• Why don't we cook food for the mentally ill? (Getty Images)
Meals are generally acknowledged to be the most practical offering to be made to sick people and their families. Not always though - certain illnesses do not elicit the casserole response.
By
Leah Wilson

15 Apr 2019 - 7:52 AM  UPDATED 15 Apr 2019 - 10:19 AM

I recently spoke to an old school friend who confided in me that she had been diagnosed with breast cancer. My automatic thoughts were “what can I do for her? What can I take to her?” A card? Flowers? A meal for her and her family?

Meals are generally acknowledged to be the most practical offering to be made to sick people and their families. Not always though - certain illnesses do not elicit the casserole response.

It was in the early 2000’s that I was introduced to the notion that mental illnesses are “no casserole illnesses”. In the ensuing years the stigma attached to some mental illnesses has reduced significantly. Depression and anxiety have assumed their rightful places in the public conversation. Others, such as schizophrenia and diseases of addiction remain widely misunderstood.

Meals are generally acknowledged to be the most practical offering to be made to sick people and their families. Not always though - certain illnesses do not elicit the casserole response.

This differential treatment of mental illnesses could be for a number of reasons. Perhaps there is an element of blame; “if he didn’t take all those drugs in his youth…”, “If she just exercised and stayed on her medication…”. If blame is a valid excuse, should we steer clear of the smoker with lung cancer, or the diver with a broken back?

Perhaps it is that the illness is long-term; he or she may have several disabling episodes each year. If you help once, it doesn’t follow that you have to do the same every episode.

“Well” people often struggle with the reality of relapse in mental illnesses. It’s the “here we go again” reaction. I doubt they would think or express this reaction to someone whose cancer has returned, or who broke another hip.

If it is fear of the unknown holding people back, they only need ask; the person with the illness, a nurse or doctor, Google if necessary. The old-fashioned notion of “crazy” people was abandoned long ago in the fields of psychology and psychiatry.

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Maybe people keep their distance because they feel that the relationship is one-way and they may get nothing back. In the acts of giving and receiving, both parties gain something; a sense of connectedness, compassion, or even just self-righteousness.

Mental illnesses can be both disabling and life threatening. Suicidal tendencies are a symptom of a number of mental illnesses, and most adults have attended the funeral of someone who died by suicide. It is admirable to remember and celebrate the life of the deceased, but it is better, and far more effective, to do something for him or her whilst they are alive. In the words of my late (tardy and dead) grandmother, “A rose for the living is better than a wreath for the dead.”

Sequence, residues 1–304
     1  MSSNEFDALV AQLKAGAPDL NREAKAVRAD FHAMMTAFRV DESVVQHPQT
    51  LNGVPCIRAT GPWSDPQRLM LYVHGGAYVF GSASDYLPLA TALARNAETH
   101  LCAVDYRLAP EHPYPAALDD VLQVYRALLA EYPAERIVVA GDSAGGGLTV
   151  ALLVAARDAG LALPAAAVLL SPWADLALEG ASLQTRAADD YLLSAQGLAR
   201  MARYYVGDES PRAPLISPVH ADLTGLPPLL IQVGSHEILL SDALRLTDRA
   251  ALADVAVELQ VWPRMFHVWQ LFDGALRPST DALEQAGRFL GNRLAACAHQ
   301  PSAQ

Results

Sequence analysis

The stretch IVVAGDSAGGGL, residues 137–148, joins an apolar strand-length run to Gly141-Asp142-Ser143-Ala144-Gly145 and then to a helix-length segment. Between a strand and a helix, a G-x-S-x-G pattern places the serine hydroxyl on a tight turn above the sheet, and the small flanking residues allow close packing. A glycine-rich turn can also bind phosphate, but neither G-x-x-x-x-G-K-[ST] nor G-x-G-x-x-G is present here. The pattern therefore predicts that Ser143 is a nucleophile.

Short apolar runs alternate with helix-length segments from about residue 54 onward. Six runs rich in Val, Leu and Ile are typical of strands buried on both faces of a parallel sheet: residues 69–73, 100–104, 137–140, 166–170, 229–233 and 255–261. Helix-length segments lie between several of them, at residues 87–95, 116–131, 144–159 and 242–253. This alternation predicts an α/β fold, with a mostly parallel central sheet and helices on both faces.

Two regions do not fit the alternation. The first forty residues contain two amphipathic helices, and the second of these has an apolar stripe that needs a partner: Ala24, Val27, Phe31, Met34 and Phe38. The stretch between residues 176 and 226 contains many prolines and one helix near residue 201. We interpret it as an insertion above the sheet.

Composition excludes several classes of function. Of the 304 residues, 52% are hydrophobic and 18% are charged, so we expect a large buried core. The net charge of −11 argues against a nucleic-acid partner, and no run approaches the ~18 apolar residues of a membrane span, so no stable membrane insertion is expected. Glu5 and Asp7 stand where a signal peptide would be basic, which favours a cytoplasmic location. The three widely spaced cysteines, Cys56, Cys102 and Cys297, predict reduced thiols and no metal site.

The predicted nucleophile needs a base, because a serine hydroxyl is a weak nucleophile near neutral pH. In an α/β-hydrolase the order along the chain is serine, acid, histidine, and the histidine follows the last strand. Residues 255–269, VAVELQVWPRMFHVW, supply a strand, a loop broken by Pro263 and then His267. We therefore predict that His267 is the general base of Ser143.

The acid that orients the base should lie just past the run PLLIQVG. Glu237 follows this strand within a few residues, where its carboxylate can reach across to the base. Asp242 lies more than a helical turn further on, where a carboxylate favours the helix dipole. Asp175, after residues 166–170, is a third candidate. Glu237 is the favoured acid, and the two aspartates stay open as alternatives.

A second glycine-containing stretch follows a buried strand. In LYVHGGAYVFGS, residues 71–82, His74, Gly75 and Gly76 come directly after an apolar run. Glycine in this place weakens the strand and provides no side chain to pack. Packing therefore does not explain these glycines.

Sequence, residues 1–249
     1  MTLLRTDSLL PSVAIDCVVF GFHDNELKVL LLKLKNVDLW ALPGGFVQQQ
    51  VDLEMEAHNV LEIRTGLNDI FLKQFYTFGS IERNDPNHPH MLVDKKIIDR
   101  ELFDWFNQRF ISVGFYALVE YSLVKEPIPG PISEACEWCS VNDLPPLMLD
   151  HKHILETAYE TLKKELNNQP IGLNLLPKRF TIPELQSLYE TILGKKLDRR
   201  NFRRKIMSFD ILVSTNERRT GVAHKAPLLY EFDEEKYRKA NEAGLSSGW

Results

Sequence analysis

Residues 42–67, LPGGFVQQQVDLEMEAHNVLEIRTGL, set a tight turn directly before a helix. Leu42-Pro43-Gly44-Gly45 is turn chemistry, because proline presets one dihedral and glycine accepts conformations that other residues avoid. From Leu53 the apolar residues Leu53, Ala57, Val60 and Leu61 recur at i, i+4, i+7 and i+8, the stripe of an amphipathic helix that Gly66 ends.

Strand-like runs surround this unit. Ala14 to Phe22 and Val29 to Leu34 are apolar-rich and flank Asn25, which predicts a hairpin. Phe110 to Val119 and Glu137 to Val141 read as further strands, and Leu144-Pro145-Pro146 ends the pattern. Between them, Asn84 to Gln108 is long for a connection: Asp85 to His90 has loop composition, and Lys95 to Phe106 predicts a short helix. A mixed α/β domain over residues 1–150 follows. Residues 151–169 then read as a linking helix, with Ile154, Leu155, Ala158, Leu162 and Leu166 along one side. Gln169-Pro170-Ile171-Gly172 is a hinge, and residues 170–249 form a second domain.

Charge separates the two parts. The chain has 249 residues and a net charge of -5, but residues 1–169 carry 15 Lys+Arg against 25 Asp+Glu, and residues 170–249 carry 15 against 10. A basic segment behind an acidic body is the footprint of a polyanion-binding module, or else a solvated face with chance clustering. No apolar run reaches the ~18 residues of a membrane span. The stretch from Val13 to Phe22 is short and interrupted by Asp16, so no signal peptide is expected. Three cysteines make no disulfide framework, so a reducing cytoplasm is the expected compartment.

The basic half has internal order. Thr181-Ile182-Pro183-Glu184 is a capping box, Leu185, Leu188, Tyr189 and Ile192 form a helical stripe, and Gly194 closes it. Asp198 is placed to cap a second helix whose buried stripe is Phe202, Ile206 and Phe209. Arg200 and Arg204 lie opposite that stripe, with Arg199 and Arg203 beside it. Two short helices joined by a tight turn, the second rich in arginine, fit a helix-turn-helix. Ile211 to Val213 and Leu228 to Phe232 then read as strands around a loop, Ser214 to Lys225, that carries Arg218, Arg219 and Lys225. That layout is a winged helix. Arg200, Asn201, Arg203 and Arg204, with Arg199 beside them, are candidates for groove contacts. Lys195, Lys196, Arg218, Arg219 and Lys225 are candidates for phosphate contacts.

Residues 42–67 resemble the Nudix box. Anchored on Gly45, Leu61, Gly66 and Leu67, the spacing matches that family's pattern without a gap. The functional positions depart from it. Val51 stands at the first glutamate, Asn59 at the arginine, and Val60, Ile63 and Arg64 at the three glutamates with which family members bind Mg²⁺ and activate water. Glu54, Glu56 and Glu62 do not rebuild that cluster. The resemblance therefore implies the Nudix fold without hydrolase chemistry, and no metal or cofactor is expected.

Groups of school mothers often band together and organise a roster covering meals and household tasks for another mother with a “casserole positive” illness. At any given time there are probably a number of other school mums who cannot get out of bed, let alone cook, clean and organise their families. They are totally disabled by their mental illness. A mentally ill person may not want the wider school, or other, community to know what is transpiring, but there are often one or two people who do know, and they can choose to make a difference.

Groups of school mothers often band together and organise a roster covering meals and household tasks for another mother with a “casserole positive” illness.

In his recent book, Lost Connections, Johann Hari identifies seven forms of disconnection that have greatly increased the prevalence of depression and anxiety in western societies. His solution to each is “reconnection”. He views reconnection to other people as key to minimising the prevalence and impact of these illnesses.

People with mental illnesses often retreat from social interaction. This reality shifts the responsibility for initiating positive interactions to the “well” people. If you ask someone out for coffee today and she says “no”, that is not a “no, never”. Keep trying. If the person does not want to go out, take something to her. A coffee, basic groceries, even a casserole. Healthy meals are particularly important when someone is unwell.

Your contribution, whether it be an outing, a meal, a household chore or a conversation, will have a far greater impact than is readily visible. The recipient may feel less isolated, less overwhelmed, or just less “blah”.

Illness is illness. Creating a hierarchy of disease to justify our response, or lack thereof, echoes archaic ideas of the superiority of a particular race or gender.

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